From a death wish to everlasting joy
May 11, 2018
Aster sits in the post-operative ward at Hamlin’s Addis Ababa Fistula Hospital, smiling and laughing along with other patients. Looking at her smiling face, it would seem almost impossible to imagine that just a year earlier, she had begged her despairing father for poison so she could end her life.
Aster’s small farming village is among one of the most remote in Ethiopia. It is more than 1,000kms south of Ethiopia’s capital Addis Ababa and lacks even the most basic of infrastructure – electricity, public transport or hospitals. The closest health facility is located more than two days walk away.
Unlike women in Australia, when Aster fell pregnant there was never any thought of going to a hospital. More than 70% of births in Ethiopia take place without a doctor or nurse present.
When her labour began, her family soon realised that something was terribly wrong. After four agonising days, Aster finally gave birth but her child was dead. Aster, herself was barely alive, she was unconscious and was left with terrible injuries from her labour.
She had suffered a double fistula, leaking both urine and faeces. “By the time I became conscious I found myself soaked, giving off a stench and not able to move my legs. I constantly cried, ashamed of myself,” Aster recalls.
Even more tragically, as fistula had never been seen in her village before, Aster’s family thought she was incurable and she lived with the condition for two years, until that fateful day she had finally reached breaking point.
“One day I asked my father to bring me some poisonous drink and kill me. I told him this would be a relief for both myself and my family. He cried deeply and made me pray with him in seeking a solution,” said Aster.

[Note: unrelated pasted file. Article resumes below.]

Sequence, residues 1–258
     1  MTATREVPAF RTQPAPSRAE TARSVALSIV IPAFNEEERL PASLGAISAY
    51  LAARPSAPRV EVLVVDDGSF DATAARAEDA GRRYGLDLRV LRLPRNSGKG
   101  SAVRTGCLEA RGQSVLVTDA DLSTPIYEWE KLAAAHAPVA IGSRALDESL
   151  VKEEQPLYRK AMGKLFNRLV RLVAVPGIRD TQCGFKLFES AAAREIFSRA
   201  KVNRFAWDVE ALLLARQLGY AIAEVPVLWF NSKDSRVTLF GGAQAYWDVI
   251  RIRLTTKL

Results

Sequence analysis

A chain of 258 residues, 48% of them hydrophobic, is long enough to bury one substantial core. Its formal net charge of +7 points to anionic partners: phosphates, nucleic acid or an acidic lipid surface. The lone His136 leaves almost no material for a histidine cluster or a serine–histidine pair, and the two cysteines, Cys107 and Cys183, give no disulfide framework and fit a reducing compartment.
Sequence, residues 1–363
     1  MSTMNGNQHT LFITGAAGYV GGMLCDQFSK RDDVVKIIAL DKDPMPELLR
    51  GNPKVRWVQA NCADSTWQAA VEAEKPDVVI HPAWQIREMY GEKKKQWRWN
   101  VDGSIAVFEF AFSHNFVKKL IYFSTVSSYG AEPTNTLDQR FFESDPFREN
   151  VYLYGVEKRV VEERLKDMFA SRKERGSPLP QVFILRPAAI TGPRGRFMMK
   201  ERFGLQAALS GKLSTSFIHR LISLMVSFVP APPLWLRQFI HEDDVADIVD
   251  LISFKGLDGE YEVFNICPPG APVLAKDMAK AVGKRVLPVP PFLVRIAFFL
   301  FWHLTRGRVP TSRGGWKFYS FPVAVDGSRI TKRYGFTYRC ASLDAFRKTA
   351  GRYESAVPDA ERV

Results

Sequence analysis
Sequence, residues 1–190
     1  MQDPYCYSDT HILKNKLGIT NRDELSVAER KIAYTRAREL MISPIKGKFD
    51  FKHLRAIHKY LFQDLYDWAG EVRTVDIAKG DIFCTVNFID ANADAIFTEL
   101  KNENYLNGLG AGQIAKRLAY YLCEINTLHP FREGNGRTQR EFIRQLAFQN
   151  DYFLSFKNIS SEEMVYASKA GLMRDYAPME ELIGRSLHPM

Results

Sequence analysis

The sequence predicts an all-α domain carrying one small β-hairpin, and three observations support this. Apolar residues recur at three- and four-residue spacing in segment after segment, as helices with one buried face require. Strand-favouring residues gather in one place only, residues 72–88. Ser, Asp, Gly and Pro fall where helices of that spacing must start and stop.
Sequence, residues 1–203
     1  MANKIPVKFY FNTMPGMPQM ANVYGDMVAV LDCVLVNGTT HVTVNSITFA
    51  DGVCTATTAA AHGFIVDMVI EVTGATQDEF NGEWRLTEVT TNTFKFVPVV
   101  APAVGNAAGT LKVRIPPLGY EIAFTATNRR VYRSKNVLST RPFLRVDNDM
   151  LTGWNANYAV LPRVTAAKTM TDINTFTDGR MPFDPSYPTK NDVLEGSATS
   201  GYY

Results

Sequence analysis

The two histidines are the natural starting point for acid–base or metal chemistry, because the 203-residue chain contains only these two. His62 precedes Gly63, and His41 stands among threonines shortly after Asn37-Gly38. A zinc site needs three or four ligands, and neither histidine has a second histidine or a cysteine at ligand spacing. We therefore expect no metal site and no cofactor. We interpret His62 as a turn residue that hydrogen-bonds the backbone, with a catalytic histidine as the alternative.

Aster’s father knew that his daughter couldn’t continue living the way she was. He sold their only cow and helped Aster get to a health centre two-days trek away. She was immediately transferred to the Hamlin fistula hospital in Yirgalem, in the south of Ethiopia.
Her fistula injuries were extremely complicated and, after receiving treatment in Yirgalem for five months to make her fit for surgery, she was transferred to the main hospital in Addis Ababa. Her first surgery repaired her rectal fistula and was a complete success. She returned home to recover and prepare for her next surgery.
Three months later, Aster returned to the hospital in Addis Ababa for her final operation. At last, after nearly three years of unimaginable suffering, Aster’s life was restored.
Aster recalls the day she came home after her initial treatment.
“The villagers were surprised when I returned back looking so well and recovered, above all my father cried in happiness. God helped me to get to Hamlin and receive such unconditional love and care for free,” says Aster.
Today there are thousands of women living in remote areas suffering in isolation from this preventable condition.
Yet due to the generosity of our donors, Hamlin Fistula Ethiopia is able to continue to seek out and treat these most vulnerable women.
Aster received her treatment completely free, as have the nearly 55,000 women who have been treated since pioneering surgeon Dr Catherine Hamlin started treating these injuries, almost 60 years ago.
Dr Catherine Hamlin believes no woman should suffer the pain and indignity of obstetric fistula, and our supporters are part of a movement to eradicate this terrible condition forever.
You can help a woman like Aster today. You can become part of the growing movement to eradicate obstetric fistula forever. This tax-time, please help us make this dream a reality. Donate today.